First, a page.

Rolfer™ Karen Price was featured in the San Francisco Chronicle recently, in an intelligent article on a research project by Stanford University School of Medicine looking into whether Rolfing® Structural Integration can help children with cerebral palsy (CP). According to the article, CP is "the most common physical disability among children in the United States," and the Rolfing SI "is producing early and promising improvements in such children" by significantly improving their motor skills. Other treatment for CP ranges from physical and occupational therapy to botox injections or other medications and surgery, so the prospect of Rolfing sessions helping these kids is fantastic.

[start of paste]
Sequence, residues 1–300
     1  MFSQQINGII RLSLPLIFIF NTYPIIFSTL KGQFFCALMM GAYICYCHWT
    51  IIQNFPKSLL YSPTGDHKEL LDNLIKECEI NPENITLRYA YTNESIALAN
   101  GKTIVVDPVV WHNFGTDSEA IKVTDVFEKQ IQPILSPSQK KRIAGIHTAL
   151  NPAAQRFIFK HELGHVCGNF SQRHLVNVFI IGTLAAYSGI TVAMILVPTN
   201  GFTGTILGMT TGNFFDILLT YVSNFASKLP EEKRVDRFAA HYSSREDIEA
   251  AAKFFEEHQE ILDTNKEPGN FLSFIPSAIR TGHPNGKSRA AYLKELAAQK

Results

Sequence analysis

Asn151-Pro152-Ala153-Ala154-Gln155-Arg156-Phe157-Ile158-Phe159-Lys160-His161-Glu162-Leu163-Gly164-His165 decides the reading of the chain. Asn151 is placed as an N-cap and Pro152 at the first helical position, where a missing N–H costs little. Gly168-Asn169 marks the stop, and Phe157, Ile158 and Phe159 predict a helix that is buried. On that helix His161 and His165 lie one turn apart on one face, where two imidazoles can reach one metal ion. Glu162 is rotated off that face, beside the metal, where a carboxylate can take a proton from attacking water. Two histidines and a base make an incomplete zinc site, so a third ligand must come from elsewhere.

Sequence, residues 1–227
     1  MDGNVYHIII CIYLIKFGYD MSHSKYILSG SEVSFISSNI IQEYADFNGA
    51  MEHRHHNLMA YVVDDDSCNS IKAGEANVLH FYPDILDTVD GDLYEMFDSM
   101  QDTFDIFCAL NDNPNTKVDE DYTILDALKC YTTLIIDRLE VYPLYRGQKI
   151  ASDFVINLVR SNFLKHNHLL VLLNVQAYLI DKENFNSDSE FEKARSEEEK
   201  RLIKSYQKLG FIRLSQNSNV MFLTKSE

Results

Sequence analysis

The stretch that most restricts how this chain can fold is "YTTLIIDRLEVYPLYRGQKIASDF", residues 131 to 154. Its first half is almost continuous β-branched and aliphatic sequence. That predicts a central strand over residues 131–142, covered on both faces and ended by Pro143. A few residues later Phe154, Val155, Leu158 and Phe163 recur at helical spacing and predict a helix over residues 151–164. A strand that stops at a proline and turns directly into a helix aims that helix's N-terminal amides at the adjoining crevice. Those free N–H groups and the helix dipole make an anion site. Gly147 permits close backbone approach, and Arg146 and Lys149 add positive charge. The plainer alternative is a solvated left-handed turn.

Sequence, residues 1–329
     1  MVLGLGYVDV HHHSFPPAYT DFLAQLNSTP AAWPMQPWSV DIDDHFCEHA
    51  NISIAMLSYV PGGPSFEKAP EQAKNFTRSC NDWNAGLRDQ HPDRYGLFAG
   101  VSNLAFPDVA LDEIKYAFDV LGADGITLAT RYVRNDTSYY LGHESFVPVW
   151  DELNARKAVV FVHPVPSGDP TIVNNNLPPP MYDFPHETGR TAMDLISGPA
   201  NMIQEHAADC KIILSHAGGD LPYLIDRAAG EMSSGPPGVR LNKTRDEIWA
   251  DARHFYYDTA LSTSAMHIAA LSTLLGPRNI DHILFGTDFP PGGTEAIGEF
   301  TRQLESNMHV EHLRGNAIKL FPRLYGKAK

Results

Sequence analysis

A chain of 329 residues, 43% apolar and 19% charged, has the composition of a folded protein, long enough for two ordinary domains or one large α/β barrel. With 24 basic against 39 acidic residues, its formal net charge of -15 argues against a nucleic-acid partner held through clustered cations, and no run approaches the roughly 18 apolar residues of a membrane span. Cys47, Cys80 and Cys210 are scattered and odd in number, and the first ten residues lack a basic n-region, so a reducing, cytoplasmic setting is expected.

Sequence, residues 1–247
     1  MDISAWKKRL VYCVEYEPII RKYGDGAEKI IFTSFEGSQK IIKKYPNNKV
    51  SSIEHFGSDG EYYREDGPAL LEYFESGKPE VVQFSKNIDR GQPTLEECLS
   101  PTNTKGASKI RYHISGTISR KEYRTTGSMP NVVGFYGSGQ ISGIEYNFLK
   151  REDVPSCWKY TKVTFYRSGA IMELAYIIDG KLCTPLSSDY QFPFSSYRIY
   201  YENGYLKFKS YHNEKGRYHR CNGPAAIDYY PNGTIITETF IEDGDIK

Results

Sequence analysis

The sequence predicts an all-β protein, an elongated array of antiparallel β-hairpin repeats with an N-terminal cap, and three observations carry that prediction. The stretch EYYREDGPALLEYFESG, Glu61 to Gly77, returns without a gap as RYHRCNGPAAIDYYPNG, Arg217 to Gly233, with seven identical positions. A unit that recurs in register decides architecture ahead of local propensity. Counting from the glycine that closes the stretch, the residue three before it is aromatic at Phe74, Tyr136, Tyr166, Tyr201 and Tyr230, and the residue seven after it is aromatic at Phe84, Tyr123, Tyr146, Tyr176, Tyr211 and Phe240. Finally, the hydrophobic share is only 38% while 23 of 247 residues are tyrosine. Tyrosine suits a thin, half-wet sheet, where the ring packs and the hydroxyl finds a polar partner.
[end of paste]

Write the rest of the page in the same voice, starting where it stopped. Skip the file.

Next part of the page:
As a Rolfer, I'd say the article's discussion of our work is pretty accurate, discussing the role of fascia in "holding together the body's structure and supporting its posture." Importantly - and something the media often misses - the article distinguishes Rolfing SI from massage, and notes that the children do not experience it as being painful. (There's some great photos of one of the kids being worked on accompanying the article).
The preliminary study is complete with results published in the April in the Journal of Evidence-Based Complementary and Alternative Medicine (abstract here). The researchers are currenlty recruiting more children for a further study.